Speaking of which did you see the study that went around yesterday that was reported to have said that a majority of people enjoy a story more if they are spoiled? Curious what you think of that.

  4. Dominic
    Posted August 12, 2011 at 7:52 am | Permalink

    I profoundly disagree with his views on 6 “Does human life have intrinsic value?” both with regard to insects say (that they have less value & with regard to humans. An elephant may live to 60 or so years, so is its life of more value because of a greater range of experices than an unexperienced human child? Because by saying that human life has more value, it means he has to make a fudge when it comes to saying that some humans are/are not more valuable – OK, Important – than others, it seems to me. Have it one way or the other please, not shades of grey! OK, everything is grey I know…!

    • bricewgilbert
      Posted August 12, 2011 at 7:55 am | Permalink

      I don’t think he means the amount of years alive as a range. He’s talking about something like self awareness as a range of experience isn’t he? I imagine he would get around the child thing, because the potential is there for the already living thing to have greater experience.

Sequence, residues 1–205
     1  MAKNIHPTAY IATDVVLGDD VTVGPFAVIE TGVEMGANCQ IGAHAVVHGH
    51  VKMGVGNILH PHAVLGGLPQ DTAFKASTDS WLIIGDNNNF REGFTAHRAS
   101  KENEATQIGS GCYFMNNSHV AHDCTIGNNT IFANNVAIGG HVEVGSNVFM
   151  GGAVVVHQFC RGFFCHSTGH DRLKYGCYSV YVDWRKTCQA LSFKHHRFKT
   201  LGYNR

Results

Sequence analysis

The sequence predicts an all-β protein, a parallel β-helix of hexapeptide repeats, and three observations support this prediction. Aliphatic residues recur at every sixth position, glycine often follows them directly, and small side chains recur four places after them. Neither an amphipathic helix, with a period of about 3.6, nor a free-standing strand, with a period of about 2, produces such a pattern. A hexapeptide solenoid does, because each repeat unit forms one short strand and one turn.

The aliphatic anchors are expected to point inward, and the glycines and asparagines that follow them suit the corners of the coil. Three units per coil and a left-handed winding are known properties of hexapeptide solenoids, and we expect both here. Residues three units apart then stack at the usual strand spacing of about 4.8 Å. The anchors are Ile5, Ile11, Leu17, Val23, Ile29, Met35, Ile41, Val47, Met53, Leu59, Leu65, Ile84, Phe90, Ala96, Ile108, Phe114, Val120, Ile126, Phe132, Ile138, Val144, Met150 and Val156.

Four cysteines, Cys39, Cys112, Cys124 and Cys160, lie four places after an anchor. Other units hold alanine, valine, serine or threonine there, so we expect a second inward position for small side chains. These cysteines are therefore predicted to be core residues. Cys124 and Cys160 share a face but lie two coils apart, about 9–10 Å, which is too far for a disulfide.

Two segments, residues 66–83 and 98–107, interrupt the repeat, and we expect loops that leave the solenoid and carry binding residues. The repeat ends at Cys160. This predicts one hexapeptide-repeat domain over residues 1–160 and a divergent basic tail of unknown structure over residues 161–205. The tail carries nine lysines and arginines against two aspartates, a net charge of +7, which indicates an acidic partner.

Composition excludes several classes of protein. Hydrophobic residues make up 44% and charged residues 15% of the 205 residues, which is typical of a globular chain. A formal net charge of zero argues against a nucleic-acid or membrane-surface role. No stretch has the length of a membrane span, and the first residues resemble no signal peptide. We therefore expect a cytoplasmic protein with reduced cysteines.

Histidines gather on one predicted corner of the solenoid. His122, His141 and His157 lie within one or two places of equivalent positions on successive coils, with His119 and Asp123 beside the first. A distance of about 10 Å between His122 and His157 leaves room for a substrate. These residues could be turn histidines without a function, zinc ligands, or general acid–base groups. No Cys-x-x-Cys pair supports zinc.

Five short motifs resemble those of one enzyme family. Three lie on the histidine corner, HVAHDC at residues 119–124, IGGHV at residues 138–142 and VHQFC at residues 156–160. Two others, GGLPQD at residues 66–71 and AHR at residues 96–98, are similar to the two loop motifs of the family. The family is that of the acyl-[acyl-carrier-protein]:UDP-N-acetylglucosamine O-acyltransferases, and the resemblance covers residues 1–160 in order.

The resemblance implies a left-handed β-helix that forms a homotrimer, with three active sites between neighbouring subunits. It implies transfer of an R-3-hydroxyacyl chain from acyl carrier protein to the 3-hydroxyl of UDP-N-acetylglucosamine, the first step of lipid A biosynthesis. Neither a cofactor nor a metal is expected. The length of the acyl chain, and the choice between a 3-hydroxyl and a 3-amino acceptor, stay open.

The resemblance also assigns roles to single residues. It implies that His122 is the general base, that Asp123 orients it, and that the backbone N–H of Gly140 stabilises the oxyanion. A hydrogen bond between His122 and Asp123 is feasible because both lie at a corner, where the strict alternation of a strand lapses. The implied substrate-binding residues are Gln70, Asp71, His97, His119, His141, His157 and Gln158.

• Posted August 12, 2011 at 8:40 am | Permalink

        Yes I see… still not sure I agree!

      • Posted August 12, 2011 at 8:40 am | Permalink

        Yes. And the potential for experiencing suffering. Or experiencing it to a greater degree. Which I suppose could be considered a subset of self-awareness.

  5. Posted August 12, 2011 at 8:19 am | Permalink

    In his remarks on free will, Harris is of course right that we don’t have conscious access to the neurophysiological processes that underlie our choices. But, as Dennett often points out, these processes are as much our own, just as much part of who we are as persons, just as much *us*, as our conscious awareness. We shouldn’t alienate ourselves from our own neurophysiology and suppose that the conscious self, what Harris thinks of as constituting the *real* self (and as many others do too, perhaps), is being pushed around at the mercy of our neurons. Rather, as identifiable individuals we *consist* (among other things) of neural processes, some of which support consciousness, some of which don’t. So it isn’t an illusion, as Harris says, that we are authors of our thoughts and actions; we are not mere witnesses to what causation cooks up. We as physically instantiated persons really do deliberate and choose and act, even if consciousness isn’t ultimately in charge. So the feeling of authorship and control is veridical.